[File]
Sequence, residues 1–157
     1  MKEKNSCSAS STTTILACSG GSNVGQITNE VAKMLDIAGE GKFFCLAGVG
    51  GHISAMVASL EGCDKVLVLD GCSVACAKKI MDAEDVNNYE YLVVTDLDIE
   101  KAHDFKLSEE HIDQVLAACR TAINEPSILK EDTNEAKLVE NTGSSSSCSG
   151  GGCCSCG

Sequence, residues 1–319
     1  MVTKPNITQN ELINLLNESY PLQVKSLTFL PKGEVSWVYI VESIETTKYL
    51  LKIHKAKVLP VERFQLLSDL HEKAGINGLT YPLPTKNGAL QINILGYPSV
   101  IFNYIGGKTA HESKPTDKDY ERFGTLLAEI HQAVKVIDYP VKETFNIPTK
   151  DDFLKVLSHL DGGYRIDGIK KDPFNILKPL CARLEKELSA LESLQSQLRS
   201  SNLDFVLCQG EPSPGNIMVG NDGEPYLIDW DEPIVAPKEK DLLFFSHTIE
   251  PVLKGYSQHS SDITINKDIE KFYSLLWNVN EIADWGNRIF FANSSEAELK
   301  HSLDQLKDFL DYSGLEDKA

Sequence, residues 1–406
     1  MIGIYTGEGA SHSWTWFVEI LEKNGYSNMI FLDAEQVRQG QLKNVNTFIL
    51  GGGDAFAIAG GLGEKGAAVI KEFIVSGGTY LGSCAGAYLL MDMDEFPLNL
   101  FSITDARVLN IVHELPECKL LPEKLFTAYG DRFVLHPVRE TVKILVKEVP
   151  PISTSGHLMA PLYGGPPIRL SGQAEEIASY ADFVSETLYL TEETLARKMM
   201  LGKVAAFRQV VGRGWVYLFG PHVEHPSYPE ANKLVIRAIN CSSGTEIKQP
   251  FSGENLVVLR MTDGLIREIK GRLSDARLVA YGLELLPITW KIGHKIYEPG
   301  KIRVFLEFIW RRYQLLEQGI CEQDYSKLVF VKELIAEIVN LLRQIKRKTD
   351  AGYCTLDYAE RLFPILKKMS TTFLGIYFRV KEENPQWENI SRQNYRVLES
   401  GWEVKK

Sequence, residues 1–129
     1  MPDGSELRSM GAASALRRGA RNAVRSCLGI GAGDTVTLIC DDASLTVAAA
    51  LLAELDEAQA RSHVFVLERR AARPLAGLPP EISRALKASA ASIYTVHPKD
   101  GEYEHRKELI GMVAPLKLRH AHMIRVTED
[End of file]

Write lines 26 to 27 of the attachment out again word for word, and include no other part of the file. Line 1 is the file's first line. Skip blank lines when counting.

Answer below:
    51  LLAELDEAQA RSHVFVLERR AARPLAGLPP EISRALKASA ASIYTVHPKD
   101  GEYEHRKELI GMVAPLKLRH AHMIRVTED